Recently, a citizen engineer working for the Ministry of Electricity and a Syrian expat were found not guilty in a case where social networking sites leaked high school exams. This overturned the engineer’s previous 10-year conviction and fine of 241,000 dinars. The Court of Appeal was chaired by Counselor Nasr Salem Al-Heid.
The citizen engineer was first charged by the Public Prosecution with leaking Ministry of Education secrets by sharing high school examinations on social media that included the right answers. This information was purportedly obtained by the Syrian expat, who was identified as one of the fraud’s beneficiaries, for a payment of more than 241,000 dinars. Money laundering charges were added against both defendants. The results of the investigation revealed that the accused persons charged between 25 and 50 dinars per topic for the rectified examinations.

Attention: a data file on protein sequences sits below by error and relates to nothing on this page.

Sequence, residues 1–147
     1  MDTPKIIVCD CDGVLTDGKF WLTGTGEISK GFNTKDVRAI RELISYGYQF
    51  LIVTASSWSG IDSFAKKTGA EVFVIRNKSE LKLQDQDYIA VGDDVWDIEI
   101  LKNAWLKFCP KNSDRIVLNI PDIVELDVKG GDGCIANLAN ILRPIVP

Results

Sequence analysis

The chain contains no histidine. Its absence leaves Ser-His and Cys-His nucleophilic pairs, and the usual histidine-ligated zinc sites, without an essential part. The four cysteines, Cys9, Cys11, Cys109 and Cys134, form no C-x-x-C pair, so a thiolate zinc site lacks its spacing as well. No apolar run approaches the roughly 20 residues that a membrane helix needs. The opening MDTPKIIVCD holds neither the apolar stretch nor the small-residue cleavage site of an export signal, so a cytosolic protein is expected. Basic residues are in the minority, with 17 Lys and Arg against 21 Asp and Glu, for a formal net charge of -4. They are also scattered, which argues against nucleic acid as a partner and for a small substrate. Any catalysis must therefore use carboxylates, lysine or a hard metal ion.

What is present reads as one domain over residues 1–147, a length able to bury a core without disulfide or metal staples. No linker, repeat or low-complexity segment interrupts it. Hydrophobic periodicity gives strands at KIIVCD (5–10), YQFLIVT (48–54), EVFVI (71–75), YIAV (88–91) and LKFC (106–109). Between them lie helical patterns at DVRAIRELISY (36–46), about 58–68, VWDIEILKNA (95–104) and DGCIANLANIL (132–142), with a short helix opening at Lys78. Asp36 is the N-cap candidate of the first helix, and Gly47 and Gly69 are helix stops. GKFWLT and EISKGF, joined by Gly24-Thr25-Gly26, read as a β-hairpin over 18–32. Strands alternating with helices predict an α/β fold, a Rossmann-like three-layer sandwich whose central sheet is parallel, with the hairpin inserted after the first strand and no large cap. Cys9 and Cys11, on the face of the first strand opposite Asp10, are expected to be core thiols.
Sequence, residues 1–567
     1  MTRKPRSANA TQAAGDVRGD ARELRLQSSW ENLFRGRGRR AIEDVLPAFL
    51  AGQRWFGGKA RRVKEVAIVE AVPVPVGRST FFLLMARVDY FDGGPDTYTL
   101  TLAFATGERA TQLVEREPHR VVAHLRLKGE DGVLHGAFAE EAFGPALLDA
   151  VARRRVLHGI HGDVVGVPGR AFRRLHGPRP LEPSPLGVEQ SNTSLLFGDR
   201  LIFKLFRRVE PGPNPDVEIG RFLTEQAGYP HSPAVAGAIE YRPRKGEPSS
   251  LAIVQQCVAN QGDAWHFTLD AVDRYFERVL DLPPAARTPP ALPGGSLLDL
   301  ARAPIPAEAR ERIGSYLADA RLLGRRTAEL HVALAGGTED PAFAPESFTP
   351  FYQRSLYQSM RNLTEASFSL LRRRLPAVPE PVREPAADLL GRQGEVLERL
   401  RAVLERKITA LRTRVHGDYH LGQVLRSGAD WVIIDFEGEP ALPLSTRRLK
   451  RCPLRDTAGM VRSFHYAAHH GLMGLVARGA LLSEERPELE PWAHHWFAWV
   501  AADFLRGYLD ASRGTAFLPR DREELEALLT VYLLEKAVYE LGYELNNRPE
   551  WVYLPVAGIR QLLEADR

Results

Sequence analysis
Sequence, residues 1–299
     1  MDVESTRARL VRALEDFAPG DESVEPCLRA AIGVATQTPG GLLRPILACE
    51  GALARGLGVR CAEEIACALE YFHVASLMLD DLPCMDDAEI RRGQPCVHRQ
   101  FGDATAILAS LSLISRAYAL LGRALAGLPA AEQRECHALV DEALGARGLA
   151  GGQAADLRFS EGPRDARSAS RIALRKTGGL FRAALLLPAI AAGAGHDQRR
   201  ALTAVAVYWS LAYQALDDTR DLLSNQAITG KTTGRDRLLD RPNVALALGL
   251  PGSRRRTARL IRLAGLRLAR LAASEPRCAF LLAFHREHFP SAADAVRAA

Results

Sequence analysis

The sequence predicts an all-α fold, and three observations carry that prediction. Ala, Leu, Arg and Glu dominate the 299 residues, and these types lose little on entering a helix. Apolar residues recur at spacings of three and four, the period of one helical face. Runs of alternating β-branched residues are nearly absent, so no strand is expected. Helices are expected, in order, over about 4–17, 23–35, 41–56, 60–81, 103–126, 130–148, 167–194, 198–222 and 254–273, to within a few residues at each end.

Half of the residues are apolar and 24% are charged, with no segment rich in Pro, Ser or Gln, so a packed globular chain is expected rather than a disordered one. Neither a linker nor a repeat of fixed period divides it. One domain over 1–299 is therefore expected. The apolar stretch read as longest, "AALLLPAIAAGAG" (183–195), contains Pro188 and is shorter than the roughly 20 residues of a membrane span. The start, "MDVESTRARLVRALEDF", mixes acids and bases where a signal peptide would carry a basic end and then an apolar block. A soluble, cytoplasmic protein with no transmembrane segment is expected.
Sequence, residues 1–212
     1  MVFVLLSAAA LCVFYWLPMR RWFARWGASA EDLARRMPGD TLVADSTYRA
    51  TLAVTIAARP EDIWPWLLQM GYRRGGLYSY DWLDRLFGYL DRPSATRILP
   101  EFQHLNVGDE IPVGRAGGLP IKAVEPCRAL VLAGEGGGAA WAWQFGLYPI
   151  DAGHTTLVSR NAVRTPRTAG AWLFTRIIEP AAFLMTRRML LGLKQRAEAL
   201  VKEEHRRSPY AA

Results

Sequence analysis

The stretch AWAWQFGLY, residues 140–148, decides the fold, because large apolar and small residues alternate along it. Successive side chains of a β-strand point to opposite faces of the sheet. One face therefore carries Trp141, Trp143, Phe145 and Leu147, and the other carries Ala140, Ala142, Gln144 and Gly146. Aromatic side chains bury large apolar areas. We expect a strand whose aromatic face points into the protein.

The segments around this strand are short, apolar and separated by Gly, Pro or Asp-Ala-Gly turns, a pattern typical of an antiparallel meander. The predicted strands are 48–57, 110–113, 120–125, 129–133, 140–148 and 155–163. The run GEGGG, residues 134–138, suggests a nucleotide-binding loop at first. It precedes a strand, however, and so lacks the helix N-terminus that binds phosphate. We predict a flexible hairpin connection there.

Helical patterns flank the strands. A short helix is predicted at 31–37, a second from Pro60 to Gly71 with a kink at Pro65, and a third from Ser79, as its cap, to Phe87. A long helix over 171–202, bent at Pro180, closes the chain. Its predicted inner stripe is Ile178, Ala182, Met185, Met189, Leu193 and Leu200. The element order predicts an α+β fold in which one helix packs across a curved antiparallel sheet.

The two had previously been fined 241,000 dinars and given a 10-year prison sentence by the Criminal Court. The Syrian expat was also scheduled for deportation following the completion of the sentence. But in the course of the appeals process, the accused denied the charges and, via counsel, asked for leniency and an acquittal.
In a recent development, the Court of Appeal reserved decision despite the appeal court’s rejection to halt the defendants’ release and the sentence’s execution. The defendants were subsequently found not guilty by the court, which cited insufficient and irrational evidence as well as the inapplicability of the allegations pertaining to test leaks and secret disclosure. The court emphasized that after the committees’ distribution process, students obtained the compromised examinations from anonymous sources. It was also highlighted that the main accused, the citizen engineer, is an engineer by degree and gives university students private instruction. It was found that these educational sessions were connected to the cash that were taken from the accused.